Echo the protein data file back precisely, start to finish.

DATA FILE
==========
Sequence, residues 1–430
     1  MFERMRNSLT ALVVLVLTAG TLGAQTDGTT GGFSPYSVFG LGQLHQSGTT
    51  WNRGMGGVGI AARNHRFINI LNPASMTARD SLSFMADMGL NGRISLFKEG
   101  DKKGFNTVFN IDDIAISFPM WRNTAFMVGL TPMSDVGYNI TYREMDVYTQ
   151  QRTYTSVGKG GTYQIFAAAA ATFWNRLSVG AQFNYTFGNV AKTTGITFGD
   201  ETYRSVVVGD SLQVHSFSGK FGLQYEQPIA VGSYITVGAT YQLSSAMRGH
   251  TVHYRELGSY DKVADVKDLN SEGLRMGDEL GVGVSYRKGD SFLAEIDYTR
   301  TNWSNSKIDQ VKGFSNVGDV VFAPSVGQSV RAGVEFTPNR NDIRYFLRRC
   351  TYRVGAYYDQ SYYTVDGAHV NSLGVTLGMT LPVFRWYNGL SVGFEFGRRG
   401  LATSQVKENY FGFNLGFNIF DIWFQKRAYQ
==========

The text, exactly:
Sequence, residues 1–430
     1  MFERMRNSLT ALVVLVLTAG TLGAQTDGTT GGFSPYSVFG LGQLHQSGTT
    51  WNRGMGGVGI AARNHRFINI LNPASMTARD SLSFMADMGL NGRISLFKEG
   101  DKKGFNTVFN IDDIAISFPM WRNTAFMVGL TPMSDVGYNI TYREMDVYTQ
   151  QRTYTSVGKG GTYQIFAAAA ATFWNRLSVG AQFNYTFGNV AKTTGITFGD
   201  ETYRSVVVGD SLQVHSFSGK FGLQYEQPIA VGSYITVGAT YQLSSAMRGH
   251  TVHYRELGSY DKVADVKDLN SEGLRMGDEL GVGVSYRKGD SFLAEIDYTR
   301  TNWSNSKIDQ VKGFSNVGDV VFAPSVGQSV RAGVEFTPNR NDIRYFLRRC
   351  TYRVGAYYDQ SYYTVDGAHV NSLGVTLGMT LPVFRWYNGL SVGFEFGRRG
   401  LATSQVKENY FGFNLGFNIF DIWFQKRAYQ